Gordon was fantastic for Newcastle last season, terrorising right-backs up and down the country, and while Foden is clearly the superior footballer, his desire to drift inside, especially while Luke Shaw is injured and the right-footed Kieran Trippier is at left-back, is causing England problems.

Gordon can provide width and pace and will run at defenders and it’s something England are missing.

So bad have things been so far for England there have even been questions over Kane’s place in the team, but we’d see more from him with different players around, and dropping someone with Kane’s goalscoring ability isn’t an option. Kane’s tendency to drop deep doesn’t have to be a problem if there are legs ahead of him, and Gordon provides that.

Southgate has all the right notes at his disposal – he just needs to start playing them in the right order.

Pickford, Alexander-Arnold, Stones, Guehi, Trippier, Rice, Wharton, Saka, Foden, Palmer, Kane

Four points from two matches is far from a disaster, but the balance and makeup of the starting line-up in those opening two matches has looked extraordinarily wrong.

Now is not the time to be experimenting with Trent Alexander-Arnold as a holding midfielder, and Gareth Southgate has got to hold his hands up and acknowledge that he has got that call wrong. Look, am I a fan of the Liverpool man? Absolutely, but not in this role, and certainly not in this role on a stage as big as this.

That said, I actually understand the England manager’s thinking behind the call.

Presumably, he would have expected his side to have been dominating possession of the ball far more than we have, and he certainly would have expected Trent to have been able to orchestrate things from a tad higher up the pitch than he has been able to.

But that hasn’t happened, as, for long parts, our backs have been up against the wall – something that has simply got to change if we are to have any chance of fulfilling our promise out in Germany.  

But how does that change? Well that’s the million dollar question right now. You can make a case for any of the midfielders in the squad to be handed a start against Slovenia on Tuesday, at Alexander-Arnold’s expense.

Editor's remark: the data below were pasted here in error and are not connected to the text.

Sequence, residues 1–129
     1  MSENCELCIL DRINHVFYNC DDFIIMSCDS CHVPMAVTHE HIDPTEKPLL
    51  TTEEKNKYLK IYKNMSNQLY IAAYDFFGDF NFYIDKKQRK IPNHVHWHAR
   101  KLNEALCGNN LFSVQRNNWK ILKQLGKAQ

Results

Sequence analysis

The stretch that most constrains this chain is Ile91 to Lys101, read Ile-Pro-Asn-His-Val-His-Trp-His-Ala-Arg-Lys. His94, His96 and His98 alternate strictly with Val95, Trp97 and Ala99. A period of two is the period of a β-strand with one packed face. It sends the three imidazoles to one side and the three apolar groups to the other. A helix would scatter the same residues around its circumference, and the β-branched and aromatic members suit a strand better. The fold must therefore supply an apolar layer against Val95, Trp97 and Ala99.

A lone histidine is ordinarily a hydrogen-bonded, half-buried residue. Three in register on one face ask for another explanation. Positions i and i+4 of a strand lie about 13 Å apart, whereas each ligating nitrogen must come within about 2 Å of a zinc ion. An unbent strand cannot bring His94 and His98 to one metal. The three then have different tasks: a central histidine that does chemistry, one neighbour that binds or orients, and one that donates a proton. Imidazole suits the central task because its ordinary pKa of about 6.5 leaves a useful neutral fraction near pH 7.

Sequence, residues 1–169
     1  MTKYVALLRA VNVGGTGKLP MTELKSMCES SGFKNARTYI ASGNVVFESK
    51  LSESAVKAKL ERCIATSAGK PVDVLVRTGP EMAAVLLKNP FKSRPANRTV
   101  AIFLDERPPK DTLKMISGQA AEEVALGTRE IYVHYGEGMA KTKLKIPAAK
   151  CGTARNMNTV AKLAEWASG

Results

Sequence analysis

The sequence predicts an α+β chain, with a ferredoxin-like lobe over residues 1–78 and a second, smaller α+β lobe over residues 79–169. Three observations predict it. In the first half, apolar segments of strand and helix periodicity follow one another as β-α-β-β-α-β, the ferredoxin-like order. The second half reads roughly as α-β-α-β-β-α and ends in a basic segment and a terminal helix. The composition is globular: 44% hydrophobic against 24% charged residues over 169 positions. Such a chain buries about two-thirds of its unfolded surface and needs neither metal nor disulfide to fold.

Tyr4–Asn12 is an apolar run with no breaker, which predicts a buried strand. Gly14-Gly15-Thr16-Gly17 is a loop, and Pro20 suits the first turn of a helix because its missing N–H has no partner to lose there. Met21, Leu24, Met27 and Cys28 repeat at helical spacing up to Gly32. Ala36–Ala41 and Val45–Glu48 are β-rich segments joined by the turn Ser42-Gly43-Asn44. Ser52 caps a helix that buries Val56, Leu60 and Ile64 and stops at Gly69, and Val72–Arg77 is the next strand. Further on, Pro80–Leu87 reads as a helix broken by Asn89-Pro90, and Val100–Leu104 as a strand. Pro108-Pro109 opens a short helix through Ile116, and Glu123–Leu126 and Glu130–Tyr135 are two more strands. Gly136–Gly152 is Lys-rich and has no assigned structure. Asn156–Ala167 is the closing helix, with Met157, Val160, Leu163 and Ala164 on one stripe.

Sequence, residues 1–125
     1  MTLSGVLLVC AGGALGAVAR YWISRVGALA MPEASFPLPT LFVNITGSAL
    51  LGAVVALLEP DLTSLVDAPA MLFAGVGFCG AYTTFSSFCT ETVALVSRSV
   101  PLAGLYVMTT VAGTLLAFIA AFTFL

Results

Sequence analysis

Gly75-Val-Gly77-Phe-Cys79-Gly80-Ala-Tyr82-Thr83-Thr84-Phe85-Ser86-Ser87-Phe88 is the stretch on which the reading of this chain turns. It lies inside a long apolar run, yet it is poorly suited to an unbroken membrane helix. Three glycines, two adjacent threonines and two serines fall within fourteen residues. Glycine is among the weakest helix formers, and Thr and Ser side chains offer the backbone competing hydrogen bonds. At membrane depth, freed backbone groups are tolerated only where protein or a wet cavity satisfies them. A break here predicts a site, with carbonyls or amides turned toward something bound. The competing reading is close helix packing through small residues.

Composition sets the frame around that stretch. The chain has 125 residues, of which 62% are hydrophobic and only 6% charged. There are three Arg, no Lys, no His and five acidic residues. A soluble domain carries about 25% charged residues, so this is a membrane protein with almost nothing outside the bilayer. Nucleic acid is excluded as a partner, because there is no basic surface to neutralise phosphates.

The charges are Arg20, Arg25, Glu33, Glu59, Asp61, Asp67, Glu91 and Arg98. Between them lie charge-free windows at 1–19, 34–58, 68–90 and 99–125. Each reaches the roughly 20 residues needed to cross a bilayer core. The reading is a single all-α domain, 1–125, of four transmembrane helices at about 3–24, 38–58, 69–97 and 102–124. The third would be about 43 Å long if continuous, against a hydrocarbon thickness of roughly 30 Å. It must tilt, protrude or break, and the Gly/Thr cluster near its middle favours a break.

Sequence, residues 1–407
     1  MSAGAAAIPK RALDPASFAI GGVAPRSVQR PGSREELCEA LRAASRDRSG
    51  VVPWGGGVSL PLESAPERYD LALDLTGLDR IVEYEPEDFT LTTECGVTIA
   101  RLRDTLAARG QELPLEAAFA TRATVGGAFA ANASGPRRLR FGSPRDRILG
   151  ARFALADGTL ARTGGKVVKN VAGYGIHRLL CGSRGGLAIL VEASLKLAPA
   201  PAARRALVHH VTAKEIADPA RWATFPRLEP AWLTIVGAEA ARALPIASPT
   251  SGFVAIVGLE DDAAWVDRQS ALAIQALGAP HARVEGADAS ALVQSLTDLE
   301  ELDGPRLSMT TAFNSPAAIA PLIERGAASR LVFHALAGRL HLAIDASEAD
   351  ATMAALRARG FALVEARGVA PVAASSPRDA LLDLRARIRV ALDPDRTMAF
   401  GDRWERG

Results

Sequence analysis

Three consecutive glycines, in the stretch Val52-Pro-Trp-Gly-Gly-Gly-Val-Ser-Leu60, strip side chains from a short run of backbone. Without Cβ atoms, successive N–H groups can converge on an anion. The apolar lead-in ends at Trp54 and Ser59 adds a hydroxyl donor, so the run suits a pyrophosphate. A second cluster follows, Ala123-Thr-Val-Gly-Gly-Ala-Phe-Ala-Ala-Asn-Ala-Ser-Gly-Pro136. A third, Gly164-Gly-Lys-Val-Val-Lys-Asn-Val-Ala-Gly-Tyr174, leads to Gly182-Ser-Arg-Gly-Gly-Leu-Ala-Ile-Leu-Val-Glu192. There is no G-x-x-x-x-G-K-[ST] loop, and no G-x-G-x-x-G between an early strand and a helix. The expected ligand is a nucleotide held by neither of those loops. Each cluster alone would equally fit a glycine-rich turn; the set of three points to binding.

Coincidentally, I’d actually still start TAA at right-back, just to give Kyle Walker, who has had another long season, a bit of a breather. He will be absolutely key to our success in the knockout rounds, so it makes sense to rest him.

With regards to the midfield vacancy, well Kobbie Mainoo and Conor Gallagher will rightly have their backers, but, for me, I’d be throwing the wildcard right into the mix, Adam Wharton. The Crystal Palace star is clearly somebody who can rise to the challenge; the very fact that just six months ago he was plying his trade in the Championship provides proof of that.

His cameo, on his international debut against Bosnia earlier this month, was superb. He oozed composure, calmness and positivity; and we need some of that, together with his energy, right now. Wharton is clearly the real deal, and I just think that, with our progression already pretty much guaranteed, this is the opportune time for Southgate to hand the care-free and positive 20-year-old his big opportunity.

Bukayo Saka and Harry Kane should retain their starting roles for me, whilst Cole Palmer comes in on the left flank - just ousting Anthony Gordon, who I feel will be a stronger option against the better sides on the break.

That leaves Southgate with the big call of deciding which of Jude Bellingham or Phil Foden to go with in that number 10 role; which is the position that I truly believe will make or break our tournament.